The grim effect Delta’s ESA lawsuit will have on travel
From Wes Siler, Outdoor:
A man who was severely mauled by an emotional support animal on a Delta flight in 2017 is suing the airline and the dog’s owner for damages. An in-depth reading of the suit delivers some disturbing takeaways about the future of air travel for both humans and animals.
That attack occurred in June 2017, when Marlin Jackson boarded a flight in Atlanta only to find a 50-pound Lab mix in the lap of Ronald Mundy, who was sitting in the seat next to his. According to the lawsuit, which was filed in Fulton County, Georgia, in May, Jackson had to squeeze past the dog to reach his window seat, at which point the dog started growling. Mundy reassured Jackson twice that the dog was safe, but suddenly, it attacked, pinning Jackson against the window while biting his face, according to court documents. The incident resulted in wounds that took 28 stitches to close and allegedly left permanent scaring and a loss of sensation on Jackson’s face. (Jackson’s lawyer’s released pictures of the wounds. You can see them here, but beware: they are nasty.)
The incident is one of the reasons I sat down and wrote “Stop Faking Service Dogs” a couple of months later, and it’s why I’ve kept covering the emotional-support-animal scourge ever since. To recap: There are three laws governing access for service and support dogs in the U.S. They’re all intentionally vague and overlap in some confusing ways. And that vagueness and confusion seems to have combined with an overwhelming degree of selfishness to create a phenomenon in which public places are being flooded with fake service dogs and flights suddenly feel like barnyards.
First, the Americans with Disabilities Act attempts to provide equal access to public places for people with disabilities. It also defines a service animal as any dog or miniature horse specifically trained to perform a task in the aid of a disabled person. The ADA mandates access to public places for service animals and states that business owners can only ask if such an animal is trained to perform a task in aid of a disability, as well as what that task is. No other proof—including vests or IDs—can ever be required. The ADA specifically excludes access for support animals, however, defining them as creatures whose mere presence provides benefit. Therefore any so-called emotional support animal you see in a public place is inherently a fake service animal.
Second, the Fair Housing Act governs access to housing. Importantly, it mandates that landlords allow access for both service and emotional support animals, and it allows landlords to ask for both proof of someone’s disability or diagnosis, as well as the animal’s ability to help with either or both.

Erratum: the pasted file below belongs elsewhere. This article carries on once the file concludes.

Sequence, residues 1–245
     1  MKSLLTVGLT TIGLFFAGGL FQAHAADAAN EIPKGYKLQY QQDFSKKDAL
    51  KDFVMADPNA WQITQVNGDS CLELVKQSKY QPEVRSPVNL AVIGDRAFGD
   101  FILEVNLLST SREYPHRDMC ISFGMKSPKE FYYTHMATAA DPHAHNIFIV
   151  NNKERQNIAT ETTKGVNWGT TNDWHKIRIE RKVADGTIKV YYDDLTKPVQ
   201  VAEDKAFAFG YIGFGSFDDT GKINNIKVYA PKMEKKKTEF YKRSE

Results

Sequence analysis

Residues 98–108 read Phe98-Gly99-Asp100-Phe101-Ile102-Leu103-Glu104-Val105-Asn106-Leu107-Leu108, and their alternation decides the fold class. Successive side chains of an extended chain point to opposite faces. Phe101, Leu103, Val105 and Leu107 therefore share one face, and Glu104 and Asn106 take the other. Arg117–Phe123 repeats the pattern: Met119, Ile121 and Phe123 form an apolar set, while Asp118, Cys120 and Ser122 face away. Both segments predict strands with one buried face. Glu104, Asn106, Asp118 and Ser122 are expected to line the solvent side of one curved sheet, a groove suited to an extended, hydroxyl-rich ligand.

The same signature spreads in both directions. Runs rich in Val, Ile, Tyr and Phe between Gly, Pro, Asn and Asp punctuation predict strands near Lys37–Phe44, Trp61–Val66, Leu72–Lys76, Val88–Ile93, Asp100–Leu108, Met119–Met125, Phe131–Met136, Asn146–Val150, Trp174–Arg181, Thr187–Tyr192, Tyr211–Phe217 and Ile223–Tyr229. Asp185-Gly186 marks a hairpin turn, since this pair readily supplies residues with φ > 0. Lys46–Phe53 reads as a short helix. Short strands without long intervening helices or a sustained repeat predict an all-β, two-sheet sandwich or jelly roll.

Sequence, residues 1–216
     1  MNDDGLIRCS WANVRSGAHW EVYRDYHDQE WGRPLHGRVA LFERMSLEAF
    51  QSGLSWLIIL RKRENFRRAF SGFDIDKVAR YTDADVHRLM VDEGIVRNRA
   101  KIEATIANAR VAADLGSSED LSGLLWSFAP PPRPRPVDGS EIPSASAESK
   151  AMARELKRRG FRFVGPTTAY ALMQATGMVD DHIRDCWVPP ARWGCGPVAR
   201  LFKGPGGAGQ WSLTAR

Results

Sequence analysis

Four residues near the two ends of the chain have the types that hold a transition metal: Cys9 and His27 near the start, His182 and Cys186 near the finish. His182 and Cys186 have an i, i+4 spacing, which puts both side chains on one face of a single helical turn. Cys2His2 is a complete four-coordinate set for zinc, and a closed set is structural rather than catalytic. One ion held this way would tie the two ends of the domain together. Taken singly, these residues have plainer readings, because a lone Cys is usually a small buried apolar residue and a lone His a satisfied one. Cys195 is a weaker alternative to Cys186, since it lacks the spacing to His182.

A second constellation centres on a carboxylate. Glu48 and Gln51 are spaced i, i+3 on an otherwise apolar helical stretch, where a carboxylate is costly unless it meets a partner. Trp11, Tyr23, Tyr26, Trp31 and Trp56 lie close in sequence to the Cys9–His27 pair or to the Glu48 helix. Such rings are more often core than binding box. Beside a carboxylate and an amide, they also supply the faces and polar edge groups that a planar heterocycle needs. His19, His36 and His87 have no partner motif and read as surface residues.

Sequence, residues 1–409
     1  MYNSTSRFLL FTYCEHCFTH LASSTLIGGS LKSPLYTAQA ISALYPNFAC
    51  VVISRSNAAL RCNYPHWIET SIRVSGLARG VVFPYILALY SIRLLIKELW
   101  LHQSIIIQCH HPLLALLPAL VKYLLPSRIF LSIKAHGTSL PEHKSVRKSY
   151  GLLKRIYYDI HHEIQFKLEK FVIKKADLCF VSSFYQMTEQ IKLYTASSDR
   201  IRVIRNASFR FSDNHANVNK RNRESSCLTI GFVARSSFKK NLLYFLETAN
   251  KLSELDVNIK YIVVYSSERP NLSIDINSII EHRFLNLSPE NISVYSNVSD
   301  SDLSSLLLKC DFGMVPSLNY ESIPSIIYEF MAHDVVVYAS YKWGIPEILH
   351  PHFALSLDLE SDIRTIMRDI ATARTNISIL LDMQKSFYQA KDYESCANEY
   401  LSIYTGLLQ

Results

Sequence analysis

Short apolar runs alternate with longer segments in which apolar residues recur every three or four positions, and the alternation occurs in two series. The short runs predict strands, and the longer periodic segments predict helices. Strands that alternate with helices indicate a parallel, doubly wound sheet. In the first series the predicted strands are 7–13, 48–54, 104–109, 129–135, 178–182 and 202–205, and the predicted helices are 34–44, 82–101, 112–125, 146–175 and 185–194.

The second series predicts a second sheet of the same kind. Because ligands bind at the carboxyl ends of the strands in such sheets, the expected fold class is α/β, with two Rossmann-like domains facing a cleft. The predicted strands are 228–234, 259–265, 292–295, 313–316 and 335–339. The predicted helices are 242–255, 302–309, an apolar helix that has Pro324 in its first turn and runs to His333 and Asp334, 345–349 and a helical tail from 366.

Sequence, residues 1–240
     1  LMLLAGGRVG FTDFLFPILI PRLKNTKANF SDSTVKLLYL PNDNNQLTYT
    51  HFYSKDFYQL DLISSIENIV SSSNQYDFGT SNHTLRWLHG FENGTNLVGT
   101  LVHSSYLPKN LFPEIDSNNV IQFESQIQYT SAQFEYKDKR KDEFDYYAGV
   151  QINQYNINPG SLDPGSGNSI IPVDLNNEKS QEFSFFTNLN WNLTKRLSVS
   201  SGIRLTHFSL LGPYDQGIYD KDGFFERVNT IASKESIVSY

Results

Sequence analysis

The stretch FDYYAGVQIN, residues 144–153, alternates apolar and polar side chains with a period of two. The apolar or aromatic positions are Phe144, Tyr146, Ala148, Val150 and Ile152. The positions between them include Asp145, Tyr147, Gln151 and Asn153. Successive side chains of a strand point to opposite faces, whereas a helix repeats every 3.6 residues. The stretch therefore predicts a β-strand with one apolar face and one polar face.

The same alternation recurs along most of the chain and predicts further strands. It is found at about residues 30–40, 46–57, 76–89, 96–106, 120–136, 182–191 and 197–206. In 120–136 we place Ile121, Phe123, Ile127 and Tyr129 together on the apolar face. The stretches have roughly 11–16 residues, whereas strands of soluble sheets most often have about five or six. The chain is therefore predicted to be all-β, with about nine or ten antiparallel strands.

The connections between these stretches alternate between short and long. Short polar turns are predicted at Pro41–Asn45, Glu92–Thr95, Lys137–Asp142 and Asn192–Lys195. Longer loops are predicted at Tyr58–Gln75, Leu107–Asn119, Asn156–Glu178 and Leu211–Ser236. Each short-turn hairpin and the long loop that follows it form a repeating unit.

Finally, the Air Carrier Access Act governs air travel. Like the FHA, it allows for both service and support animals, and it allows airlines to request proof. The trouble is, such proof can be delivered in the form of a letter signed by any health professional, and that can be purchased online for a few bucks—or just faked in Photoshop. And armed with only that fake or purchased letter, you can fly with your dog in the cabin with you.
Which brings us to 2017, the year Jackson was mauled and Delta says it transported 250,000 service and support dogs on its flights. That was a 150 percent increase from the previous record year, 2015, so Delta changed its policy. Initially, it required people traveling with both service and support animals to upload their documentation at least 48 hours in advance of each flight. This was obviously an attempt to reduce the number of animals on its flights by creating a burden, and since the ADA dictates that you can’t create such a burden for disabled people, lawsuits were threatened, and Delta amended the policy to where it stands today: only support dogs need documentation submitted in advance, and they are banned in the cabin on flights over eight hours.
Neither change would have saved Jackson from the mauling, so it’s time to discuss the lawsuit.
The first notable thing about Jackson’s suit is that it exists. People obviously sue airlines all the time, and it seems to be standard practice for the industry to settle meritorious claims out of court. Doing so saves everyone involved time and money, and it saves face for the airline. Take the case of David Dao, who was assaulted by security staff aboard a United Airlines flight in 2017. After suffering an overwhelming backlash on social media, United quickly reached a confidential settlement with the passenger. One rumor pegged the amount at $140 million. The amount of damages Jackson is seeking is unspecified in legal filings. But if he and his lawyers were offered a settlement by Delta, and if they turned that down in favor of pursuing the costly and lengthy jury trial they’re now demanding, then they must feel that they have a strong case. And they’re probably seeking a very large sum.